6 Reasons Enterprise Collaboration Fails and What to Do About It

1 - 6 Reasons Enterprise Collaboration Fails and What to Do About It
2 - Underestimating the Difficulty of Change Management Required to Gain Adoption
3 - Forgetting to Tie Collaboration to Specific Business Objectives and Initiatives
4 - Attempting to Connect All People Instead of the Right People
5 - Leaving Processes and Business Information Disconnected From Enterprise Collaboration
6 - Not Establishing Clear and Easy-to-Follow Governance to Keep Content Relevant
7 - Focusing Too Much on Tech Solutions Before Understanding Business Drivers
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6 Reasons Enterprise Collaboration Fails and What to Do About It

Business collaboration solutions are plentiful, but enterprise adoption remains low. We look at some reasons why, plus ways companies can improve their uptake.

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Underestimating the Difficulty of Change Management Required to Gain Adoption

Companies often deploy collaboration technologies without providing their employees with guidance on which tools they should use and why, sometimes giving employees multiple, overlapping solutions. Without understanding how to use these tools, the right content and information is not being generated, and companies are unable to drive usage. Employees become frustrated, disengaged and will ultimately abandon the solution.

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Forgetting to Tie Collaboration to Specific Business Objectives and Initiatives

Most companies' objectives typically aren't centered on whether people are merely collaborating better or have generally increased productivity. Companies typically are focused on key performance indicators, such as increased revenue, reduction in operating costs, better customer service, reduction in turnover and faster time to market. When disconnected from goals or objectives, the collaboration initiative will not be considered relevant or critical to the organization. In turn, this will lead to a lack of executive sponsorship and mindshare.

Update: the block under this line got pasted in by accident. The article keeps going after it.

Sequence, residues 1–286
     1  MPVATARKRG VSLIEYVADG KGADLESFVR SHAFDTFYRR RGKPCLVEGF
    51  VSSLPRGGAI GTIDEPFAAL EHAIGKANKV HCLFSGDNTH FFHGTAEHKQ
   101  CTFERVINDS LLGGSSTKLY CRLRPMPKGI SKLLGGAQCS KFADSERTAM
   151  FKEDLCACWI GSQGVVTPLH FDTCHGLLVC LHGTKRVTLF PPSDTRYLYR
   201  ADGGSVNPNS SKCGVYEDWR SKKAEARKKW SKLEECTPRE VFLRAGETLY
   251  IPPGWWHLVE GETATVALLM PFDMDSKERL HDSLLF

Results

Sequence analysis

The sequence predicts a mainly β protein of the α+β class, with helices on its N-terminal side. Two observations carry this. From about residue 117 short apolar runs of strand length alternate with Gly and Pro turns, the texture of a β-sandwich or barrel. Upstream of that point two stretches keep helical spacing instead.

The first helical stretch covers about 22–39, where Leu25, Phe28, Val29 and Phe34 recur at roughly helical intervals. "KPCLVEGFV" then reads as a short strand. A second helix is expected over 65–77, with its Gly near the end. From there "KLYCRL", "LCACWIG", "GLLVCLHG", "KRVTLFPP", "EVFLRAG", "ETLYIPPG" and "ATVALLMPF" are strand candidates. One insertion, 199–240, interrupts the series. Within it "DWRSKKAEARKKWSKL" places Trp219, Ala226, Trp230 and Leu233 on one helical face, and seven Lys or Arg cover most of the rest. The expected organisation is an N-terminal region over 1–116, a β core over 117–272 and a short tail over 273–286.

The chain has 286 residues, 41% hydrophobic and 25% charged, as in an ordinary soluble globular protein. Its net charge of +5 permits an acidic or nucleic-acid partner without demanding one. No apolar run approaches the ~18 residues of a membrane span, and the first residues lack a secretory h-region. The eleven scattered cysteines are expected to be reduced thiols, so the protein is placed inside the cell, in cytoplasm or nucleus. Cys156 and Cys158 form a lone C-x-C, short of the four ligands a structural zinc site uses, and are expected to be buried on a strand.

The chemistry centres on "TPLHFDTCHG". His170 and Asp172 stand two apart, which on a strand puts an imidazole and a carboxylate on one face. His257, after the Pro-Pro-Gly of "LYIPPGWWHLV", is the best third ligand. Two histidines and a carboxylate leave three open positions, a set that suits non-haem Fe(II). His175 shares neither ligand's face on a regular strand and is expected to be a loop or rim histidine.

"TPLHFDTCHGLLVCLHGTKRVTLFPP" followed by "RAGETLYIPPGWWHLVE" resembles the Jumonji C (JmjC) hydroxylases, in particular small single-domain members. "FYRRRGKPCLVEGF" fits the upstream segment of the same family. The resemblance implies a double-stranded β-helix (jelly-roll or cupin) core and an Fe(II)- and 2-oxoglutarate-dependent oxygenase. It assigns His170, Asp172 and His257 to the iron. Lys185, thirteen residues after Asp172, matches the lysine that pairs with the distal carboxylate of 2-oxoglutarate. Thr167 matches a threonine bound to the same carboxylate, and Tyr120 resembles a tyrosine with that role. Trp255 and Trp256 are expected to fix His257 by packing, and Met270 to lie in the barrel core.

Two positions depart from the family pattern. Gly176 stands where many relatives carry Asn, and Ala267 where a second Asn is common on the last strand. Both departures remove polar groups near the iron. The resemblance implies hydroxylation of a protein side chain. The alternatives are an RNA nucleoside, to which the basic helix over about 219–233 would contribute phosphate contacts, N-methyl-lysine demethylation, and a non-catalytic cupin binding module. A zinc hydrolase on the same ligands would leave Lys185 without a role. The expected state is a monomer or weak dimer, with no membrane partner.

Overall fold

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Attempting to Connect All People Instead of the Right People

It's not enough to just set up a collaboration system to connect employees together—enterprise-grade collaboration tools are not the same as going on Facebook or Instagram. Employees need to understand with whom they are connecting, how they can find the right experts and get recommendations of people relevant to getting their work done. Furthermore, it's important not to have any artificial barriers to collaboration; employees need to have the ability to connect with partners, suppliers and customers when and how they need, in a manner that is secure and traceable.

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Leaving Processes and Business Information Disconnected From Enterprise Collaboration

When enterprise collaboration supports employees in their daily tasks, they will be adopted and highly used. That means employees will need to easily be able to access content and data from other business process systems to have full context of what problems need to be solved or what decisions need to be made. There should be no silos of collaboration or roadblocks to bringing in process data.

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Not Establishing Clear and Easy-to-Follow Governance to Keep Content Relevant

People will only continue to use a system if content is relevant and easy to access. Content governance policies must be established, but they also must be flexible enough to allow employees to connect, collaborate and get work done without interference. Too much governance will cause problems in keeping content current, and too little will mean an overwhelming amount of outdated and inaccurate information.

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Focusing Too Much on Tech Solutions Before Understanding Business Drivers

Not all collaboration tools are equal, though many boast the same basic functionality. The challenge in selecting a solution without knowing what business problems need to be solved is that companies may end up focusing on specific features. Before starting an evaluation of vendors, the best approach is to first think about what business challenges the company is trying to solve.

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